These millionaire media goniffs and Clintonista off-year whores for Corporate America, to whom Kerry is now listening, are themselves deaf to the wails of distress coming from those Democrats in the battleground states who have been begging for a bold Kerry economic attack on Bush, which they see as the only way of having a prayer of defeating this war president by mobilizing the victims of the Bush economy and energizing the desultory Democratic base. It's as if the Clintonista imports have forgotten their own mantra that brought them the White House: It's the economy, stupid--especially when Kerry has shown ever since he became the virtual nominee of his party that he cannot win on the Iraq issue.

The problem, of course, is that Bush's greatest and most tragic ideological blunder is the one on which Kerry cannot criticize him: the decision to invade Iraq. No amount of Kerry's wiggling explanations can erase his vote for war. And that is why his decision to refocus his campaign's final phase on Iraq instead of the economy is a fatal error. The American people cannot be educated into tossing out a war president because the fundamental debate--over the Bush first-strike doctrine and the invasion of Iraq--cannot be truly joined, because Kerry supported them both.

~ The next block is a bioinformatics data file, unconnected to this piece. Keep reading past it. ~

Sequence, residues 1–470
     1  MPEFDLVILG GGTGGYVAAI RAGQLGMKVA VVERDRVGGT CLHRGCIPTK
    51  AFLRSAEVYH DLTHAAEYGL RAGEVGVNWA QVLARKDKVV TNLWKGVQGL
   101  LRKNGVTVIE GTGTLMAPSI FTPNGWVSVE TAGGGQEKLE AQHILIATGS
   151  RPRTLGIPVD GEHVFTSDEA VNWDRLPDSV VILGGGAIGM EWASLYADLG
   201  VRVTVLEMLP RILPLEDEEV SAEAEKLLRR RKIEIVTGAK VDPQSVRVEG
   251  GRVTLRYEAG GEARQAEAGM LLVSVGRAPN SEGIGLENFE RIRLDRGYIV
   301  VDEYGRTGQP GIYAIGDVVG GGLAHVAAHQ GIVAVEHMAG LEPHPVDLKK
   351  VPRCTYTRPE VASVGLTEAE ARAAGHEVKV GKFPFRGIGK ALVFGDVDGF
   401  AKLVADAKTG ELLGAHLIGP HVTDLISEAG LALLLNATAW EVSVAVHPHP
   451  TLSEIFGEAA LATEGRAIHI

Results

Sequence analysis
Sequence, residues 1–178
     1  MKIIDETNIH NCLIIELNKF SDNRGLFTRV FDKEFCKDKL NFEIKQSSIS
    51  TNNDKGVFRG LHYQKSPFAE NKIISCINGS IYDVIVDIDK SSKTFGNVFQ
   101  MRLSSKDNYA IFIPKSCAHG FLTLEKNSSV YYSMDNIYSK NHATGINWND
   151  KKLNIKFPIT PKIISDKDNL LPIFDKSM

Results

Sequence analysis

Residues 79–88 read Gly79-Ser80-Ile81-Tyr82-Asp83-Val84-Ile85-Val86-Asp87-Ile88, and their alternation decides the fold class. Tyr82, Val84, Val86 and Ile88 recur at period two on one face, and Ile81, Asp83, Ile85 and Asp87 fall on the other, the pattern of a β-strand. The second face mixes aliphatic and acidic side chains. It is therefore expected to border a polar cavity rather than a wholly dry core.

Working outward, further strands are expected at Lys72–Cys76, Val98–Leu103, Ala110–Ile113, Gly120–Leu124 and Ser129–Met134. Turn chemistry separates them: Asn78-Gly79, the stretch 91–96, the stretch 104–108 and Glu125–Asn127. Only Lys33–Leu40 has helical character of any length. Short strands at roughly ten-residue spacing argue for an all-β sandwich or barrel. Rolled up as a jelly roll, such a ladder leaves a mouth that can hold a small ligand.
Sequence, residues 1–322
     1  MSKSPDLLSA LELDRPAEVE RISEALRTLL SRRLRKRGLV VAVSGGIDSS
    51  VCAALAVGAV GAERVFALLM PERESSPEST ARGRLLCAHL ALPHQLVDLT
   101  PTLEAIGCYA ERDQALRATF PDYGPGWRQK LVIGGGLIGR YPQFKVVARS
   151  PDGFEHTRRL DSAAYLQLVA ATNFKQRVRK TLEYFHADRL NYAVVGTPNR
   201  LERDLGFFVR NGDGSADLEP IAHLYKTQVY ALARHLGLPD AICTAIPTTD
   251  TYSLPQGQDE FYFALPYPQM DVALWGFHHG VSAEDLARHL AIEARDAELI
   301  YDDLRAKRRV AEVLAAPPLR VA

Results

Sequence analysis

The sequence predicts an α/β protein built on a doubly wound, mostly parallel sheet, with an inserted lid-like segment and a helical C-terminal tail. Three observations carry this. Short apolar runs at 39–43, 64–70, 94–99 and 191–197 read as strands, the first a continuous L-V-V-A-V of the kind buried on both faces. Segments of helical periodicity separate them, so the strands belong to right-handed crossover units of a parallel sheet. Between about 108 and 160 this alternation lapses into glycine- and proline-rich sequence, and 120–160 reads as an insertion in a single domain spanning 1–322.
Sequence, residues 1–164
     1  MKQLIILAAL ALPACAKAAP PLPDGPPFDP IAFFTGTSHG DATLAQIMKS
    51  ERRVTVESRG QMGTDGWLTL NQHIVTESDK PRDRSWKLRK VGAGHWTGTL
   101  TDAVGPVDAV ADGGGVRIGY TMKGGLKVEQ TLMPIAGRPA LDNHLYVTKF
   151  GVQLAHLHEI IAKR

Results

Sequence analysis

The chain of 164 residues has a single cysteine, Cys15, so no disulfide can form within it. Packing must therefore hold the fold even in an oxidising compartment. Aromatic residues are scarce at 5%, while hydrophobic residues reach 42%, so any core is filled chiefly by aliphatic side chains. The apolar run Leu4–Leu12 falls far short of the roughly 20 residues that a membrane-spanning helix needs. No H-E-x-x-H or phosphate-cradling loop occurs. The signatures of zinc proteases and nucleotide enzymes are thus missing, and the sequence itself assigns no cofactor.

Finally, the DNC has decided to continue right through November with its "Fortunate Son" campaign against Bush's National Guard service--despite the fact that, rightly or wrongly, the CBS recantation on the Killian documents has eradicated in the popular mind whatever effectiveness this issue ever had. And despite the fact that the latest New York Times poll showed that voters want the candidates and their surrogates to stop talking about the past.

This has been a trashy, mendacious, unintelligent, and demagogic six months. And the Republicans are better at trash, demagogy, and lying than the Democrats. That's why they'll probably win--especially when the pocketbook issues, which are the key deciders for voting American families, have been virtually taken off the table in the final days by the incompetent Kerry campaign. Kerry has fallen into virtually every trap the Rove Republicans have set for him--which is why they're so unfeignedly gleeful on the tube at the Kerry campaign's latest decisions. But the flaw that's left us all in this stomach-turning situation is ultimately in the Democratic candidate himself--and it's called hubris.

P.S. The global danger posed by a second term for Bush was underscored in this morning's New York Times report on the debate within the administration over what to do about Iran, in which the hawks seem to be winning once the election is over. Said the Times, "The cause of regime change in Iran is expected to be revived if President Bush is re-elected," and that is a goal that can only be achieved in the short-term by another imperial exercise of American military force. More proof, as if any were needed, of the perils inherent in this ideologically-driven administration. Or, as the Biblically inclined might put it, and Quagmire begat Quagmire.....